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Mentoring Manual

How to plan and map your own progress

It is common in a field placement to have an inadequate assessment of one’s own progress. Some of this is because the experience is not structured like a formal course where you have a syllabus, with homework and exams to track your progress and a research environment that may be new to you.

Tracking your progress can help you see what you have accomplished. This can help your self-confidence and also provide a basis for your discussions with mentors.

Mapping your progress should always look forward and backward. Each week, before meeting with your mentors, look back to what you have accomplished in the past one or two weeks and then think forward to plan what you would like to accomplish in the upcoming weeksRequest future reference letters. Each week you will be updating both the forward and backward view. The point is not to exactly predict the future or exactly follow a list of work tasks. These are points in time for you to reassess where you are progressing and also to provide a good basis for a discussion with your mentor on the work to be done.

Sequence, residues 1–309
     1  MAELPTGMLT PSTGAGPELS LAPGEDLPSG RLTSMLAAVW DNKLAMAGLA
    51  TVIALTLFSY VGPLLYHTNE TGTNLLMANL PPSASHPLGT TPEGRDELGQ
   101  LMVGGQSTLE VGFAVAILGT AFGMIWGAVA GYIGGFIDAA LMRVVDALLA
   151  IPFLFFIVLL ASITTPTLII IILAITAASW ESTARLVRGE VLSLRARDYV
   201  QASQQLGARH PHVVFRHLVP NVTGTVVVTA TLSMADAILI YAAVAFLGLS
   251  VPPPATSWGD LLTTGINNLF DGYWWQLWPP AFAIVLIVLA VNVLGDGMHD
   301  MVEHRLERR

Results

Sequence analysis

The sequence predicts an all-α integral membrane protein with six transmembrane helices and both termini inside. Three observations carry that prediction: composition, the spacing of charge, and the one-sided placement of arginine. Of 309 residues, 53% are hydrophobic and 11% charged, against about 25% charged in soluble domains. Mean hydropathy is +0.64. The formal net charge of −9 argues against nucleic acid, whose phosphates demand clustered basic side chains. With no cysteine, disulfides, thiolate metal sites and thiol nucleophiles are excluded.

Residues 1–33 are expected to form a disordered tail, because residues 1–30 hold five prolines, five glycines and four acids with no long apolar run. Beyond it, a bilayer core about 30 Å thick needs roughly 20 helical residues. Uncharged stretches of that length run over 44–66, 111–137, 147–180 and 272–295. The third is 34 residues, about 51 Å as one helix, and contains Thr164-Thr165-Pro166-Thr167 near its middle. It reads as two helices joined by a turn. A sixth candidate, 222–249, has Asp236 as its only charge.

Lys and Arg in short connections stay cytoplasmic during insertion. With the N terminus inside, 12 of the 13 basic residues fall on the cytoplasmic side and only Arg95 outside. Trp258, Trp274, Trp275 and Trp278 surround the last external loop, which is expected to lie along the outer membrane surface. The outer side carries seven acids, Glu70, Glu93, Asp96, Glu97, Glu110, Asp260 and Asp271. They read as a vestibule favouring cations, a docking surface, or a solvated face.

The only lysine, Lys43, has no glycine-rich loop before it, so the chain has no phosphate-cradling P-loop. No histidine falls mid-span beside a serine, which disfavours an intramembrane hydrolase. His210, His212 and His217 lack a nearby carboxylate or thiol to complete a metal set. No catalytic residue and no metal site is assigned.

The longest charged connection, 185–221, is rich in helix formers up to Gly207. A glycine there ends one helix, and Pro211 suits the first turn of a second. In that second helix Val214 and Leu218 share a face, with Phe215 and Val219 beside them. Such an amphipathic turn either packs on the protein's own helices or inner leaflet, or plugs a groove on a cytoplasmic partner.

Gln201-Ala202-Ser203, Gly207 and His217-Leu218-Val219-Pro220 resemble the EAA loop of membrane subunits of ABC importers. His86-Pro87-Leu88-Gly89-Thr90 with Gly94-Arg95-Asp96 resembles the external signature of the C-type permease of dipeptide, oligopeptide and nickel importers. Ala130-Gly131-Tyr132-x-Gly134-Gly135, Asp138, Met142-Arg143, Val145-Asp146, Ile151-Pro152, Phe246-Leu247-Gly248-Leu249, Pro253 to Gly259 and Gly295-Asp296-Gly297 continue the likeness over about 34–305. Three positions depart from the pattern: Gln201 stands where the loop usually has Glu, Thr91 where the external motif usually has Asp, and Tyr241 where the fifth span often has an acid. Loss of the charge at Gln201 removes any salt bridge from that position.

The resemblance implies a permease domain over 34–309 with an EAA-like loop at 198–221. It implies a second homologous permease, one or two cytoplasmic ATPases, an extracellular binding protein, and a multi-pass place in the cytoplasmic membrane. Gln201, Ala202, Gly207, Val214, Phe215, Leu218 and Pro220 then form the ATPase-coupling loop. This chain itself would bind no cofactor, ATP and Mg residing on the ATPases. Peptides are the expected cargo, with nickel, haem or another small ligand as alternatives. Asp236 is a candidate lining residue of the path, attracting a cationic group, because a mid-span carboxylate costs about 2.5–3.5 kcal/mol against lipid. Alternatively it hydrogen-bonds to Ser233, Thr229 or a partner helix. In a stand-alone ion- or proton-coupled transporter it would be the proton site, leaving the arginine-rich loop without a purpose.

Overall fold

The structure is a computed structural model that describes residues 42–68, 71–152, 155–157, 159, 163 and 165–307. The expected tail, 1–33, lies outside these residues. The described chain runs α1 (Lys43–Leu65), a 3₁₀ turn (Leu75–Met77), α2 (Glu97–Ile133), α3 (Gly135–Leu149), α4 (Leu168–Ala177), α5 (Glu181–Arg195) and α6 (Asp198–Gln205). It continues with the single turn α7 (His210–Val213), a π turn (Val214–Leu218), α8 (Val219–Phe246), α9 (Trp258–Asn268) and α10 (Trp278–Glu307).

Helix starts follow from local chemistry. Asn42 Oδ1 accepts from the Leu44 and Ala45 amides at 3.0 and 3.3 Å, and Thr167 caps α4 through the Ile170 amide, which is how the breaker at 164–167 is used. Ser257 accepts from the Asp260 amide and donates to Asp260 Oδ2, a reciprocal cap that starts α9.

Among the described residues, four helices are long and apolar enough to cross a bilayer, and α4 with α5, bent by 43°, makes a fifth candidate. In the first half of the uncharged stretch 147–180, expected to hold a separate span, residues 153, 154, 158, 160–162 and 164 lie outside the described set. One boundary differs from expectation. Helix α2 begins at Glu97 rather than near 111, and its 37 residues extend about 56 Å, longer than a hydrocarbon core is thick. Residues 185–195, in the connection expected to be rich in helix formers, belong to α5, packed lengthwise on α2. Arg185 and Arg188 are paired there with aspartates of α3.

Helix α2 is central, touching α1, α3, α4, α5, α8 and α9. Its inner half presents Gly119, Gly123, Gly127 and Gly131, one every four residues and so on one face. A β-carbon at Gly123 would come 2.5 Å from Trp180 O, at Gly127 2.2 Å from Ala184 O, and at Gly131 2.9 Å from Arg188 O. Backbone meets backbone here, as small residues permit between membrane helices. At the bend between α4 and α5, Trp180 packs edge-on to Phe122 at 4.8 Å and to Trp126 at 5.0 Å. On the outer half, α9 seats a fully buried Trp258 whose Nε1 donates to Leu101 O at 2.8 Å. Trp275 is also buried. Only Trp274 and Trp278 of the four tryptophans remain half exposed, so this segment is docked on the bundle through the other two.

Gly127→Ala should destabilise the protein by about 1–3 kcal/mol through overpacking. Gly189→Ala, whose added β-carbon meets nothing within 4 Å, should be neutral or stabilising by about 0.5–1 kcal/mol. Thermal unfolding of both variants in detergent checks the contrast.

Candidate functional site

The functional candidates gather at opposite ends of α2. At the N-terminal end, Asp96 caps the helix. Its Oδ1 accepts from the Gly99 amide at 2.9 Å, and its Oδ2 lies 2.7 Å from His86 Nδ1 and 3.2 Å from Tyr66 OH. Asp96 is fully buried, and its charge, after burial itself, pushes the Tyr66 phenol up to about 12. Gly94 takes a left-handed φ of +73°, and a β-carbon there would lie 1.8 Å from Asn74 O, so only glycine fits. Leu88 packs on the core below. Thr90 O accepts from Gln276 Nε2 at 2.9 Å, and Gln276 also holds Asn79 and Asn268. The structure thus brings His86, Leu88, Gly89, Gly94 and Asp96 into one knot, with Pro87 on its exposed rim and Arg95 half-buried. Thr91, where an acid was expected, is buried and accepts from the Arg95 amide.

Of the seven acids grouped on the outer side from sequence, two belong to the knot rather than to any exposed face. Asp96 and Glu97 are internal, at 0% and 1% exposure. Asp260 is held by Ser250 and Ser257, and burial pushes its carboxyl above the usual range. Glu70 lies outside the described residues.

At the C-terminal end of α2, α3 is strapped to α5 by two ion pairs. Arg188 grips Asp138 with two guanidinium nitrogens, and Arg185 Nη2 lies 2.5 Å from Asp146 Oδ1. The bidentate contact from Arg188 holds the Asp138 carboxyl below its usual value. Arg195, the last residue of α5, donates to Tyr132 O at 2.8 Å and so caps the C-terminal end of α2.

Write this in a document. It can be a document with ongoing revisions or a new document for each week. As you document your accomplishments, you are simultaneously developing a base of information for presentations and reports.

When planning future work, be sure to write down each task and what goals or objective the task serves . This can be very helpful when looking back at the work that has been completed.

The act of mapping out your progress and plans will help you organize your thoughts. So even if not requested by a mentor or program, these may be documents that you keep for yourself as a reference for future work.

Talk to your mentors about how they document their project progress. They often have large and very complex projects that they are managing.


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